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Gift Horse [DVD] [1952]

4.6 out of 5 stars 52 customer reviews

Price: £24.95
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Product details

  • Actors: Trevor Howard, Richard Attenborough, Sonny Tufts, James Donald, Joan Rice
  • Directors: Compton Bennett
  • Format: PAL, Black & White, Full Screen, Mono
  • Language: English
  • Region: Region 2 (This DVD may not be viewable outside Europe. Read more about DVD formats.)
  • Aspect Ratio: 4:3 - 1.33:1
  • Number of discs: 1
  • Classification: PG
  • Studio: Simply Media
  • DVD Release Date: 8 Feb. 2010
  • Run Time: 95 minutes
  • Average Customer Review: 4.6 out of 5 stars  See all reviews (52 customer reviews)
  • ASIN: B000KDSJ64
  • Amazon Bestsellers Rank: 39,735 in DVD & Blu-ray (See Top 100 in DVD & Blu-ray)

Product Description

Product Description

Trevor Howard and Richard Attenborough star in this famous story of a Royal Navy destroyer and her officers and crew during the early years of the Second World War. Placed in command of a poorly serviced ex-US Navy warship, Lt. Commander Fraser struggles to overcome mechanical problems and a new and inexperienced crew as HMS Ballantrae is rushed into service on Atlantic convoy escort duties.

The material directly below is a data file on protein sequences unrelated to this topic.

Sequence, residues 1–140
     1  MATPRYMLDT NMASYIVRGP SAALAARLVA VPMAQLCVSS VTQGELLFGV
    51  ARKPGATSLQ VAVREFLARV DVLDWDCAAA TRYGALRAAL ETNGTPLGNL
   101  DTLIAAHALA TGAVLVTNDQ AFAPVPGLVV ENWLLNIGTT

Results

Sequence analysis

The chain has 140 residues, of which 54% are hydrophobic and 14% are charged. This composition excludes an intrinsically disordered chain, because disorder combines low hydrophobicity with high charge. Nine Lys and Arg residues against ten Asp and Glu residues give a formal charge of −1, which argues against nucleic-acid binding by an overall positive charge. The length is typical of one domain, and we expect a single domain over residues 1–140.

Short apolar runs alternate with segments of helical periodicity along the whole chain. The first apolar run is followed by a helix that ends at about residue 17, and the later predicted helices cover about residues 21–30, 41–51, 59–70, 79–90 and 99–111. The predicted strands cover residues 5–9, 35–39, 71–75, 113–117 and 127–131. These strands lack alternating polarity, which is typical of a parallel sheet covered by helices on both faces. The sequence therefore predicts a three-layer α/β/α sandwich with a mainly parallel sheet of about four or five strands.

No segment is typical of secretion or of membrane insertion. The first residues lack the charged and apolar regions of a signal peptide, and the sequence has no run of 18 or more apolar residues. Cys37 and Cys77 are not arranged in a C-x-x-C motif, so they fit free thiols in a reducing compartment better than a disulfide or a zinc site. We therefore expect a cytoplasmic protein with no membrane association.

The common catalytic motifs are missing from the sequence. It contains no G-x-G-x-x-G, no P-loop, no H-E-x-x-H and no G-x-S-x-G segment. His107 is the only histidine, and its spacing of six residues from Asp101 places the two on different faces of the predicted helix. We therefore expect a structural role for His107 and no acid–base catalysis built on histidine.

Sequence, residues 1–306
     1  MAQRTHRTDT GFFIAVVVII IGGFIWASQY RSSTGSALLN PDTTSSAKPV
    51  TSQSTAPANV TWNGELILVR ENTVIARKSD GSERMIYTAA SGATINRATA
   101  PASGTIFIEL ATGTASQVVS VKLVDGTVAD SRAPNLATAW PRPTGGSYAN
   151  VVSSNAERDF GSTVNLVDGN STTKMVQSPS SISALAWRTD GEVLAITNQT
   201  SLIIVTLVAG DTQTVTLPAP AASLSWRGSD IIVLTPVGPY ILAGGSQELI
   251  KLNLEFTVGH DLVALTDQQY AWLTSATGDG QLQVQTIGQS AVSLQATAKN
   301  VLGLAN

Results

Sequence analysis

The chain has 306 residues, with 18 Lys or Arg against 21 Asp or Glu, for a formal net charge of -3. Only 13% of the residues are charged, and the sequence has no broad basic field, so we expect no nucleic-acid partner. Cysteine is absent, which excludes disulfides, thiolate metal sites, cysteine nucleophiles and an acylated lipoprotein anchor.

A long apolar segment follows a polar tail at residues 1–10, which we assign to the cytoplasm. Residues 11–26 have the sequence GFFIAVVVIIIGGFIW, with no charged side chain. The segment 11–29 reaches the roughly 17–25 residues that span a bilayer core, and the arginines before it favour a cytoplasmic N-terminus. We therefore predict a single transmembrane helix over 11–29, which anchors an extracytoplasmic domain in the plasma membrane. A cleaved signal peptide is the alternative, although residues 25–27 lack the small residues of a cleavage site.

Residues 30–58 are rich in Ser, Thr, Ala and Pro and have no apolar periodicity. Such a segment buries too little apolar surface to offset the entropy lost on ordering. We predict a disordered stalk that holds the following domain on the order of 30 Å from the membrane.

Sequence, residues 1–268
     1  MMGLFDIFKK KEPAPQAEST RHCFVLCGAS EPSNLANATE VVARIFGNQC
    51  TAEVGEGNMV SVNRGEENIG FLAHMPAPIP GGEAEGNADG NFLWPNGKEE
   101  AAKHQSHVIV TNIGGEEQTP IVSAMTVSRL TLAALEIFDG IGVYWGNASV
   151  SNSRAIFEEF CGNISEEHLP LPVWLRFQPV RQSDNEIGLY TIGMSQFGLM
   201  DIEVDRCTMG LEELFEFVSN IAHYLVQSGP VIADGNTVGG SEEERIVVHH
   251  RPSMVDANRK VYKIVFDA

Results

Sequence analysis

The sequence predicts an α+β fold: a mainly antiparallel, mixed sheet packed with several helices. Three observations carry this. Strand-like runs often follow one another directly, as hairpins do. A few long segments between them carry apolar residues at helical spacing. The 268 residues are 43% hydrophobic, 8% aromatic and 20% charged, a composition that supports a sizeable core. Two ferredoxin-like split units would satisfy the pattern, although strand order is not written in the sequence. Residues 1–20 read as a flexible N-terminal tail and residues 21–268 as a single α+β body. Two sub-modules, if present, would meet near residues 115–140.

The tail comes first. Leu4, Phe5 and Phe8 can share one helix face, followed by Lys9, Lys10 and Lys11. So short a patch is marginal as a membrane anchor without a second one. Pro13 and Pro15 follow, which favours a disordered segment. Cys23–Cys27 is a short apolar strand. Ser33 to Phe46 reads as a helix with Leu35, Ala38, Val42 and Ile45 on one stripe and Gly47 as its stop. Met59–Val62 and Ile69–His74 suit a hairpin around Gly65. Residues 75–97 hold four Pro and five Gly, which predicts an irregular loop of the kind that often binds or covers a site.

Customer Reviews

4.6 out of 5 stars
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Top Customer Reviews

Format: DVD Verified Purchase
"Gift Horse", a movie from the early 1950s loosely based on the exploits of HMS Campbeltown, is, quite simply, the most accurate, true-to-reality portrayal of the Royal Navy in the Second World War. It ranks far above any other film in the genre. Here's why:

"Gift Horse" is authentic and free from anachronisms. There are no post-war ships appearing in a wartime setting, no German battleships portrayed by American cruisers, no Colony class cruisers representing Leanders, no Vanguard portraying KGV, no post-war aircraft carriers in the background. Interiors are just as authentic - no studio sets acting as palatial-scale flats or mess-decks. The at-sea footage is superlative and true to life. My impression is that the Royal Navy must have lent the film-makers a Town Class destroyer and let them play with it.

Life aboard is portrayed with equal accuracy. This is no band of cheerful cockneys who are all friends and all potentially heroic - there are tensions, fights, conflicts, domestic setbacks and all of the atmosphere to be expected in a crew of 100 of whom most are conscripts from Civvy Street and only a handful have ever been to sea before. Uniforms, routines, drills, language, slang, nicknames - everything is accurate and nothing is played in a heroic or nostalgic glow.

Things go wrong, as they so often did - we see collisions, fouled propellers, scrapes, frequent engine break-downs, errors of navigation and other setbacks.

Well before the mid-point of the film, the viewer is completely immersed in what it was really like for a crew of (predominantly) civilians, led by previously-retired or reservist officers, to fight a worn-out ship in the Battle of the Atlantic.
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Format: DVD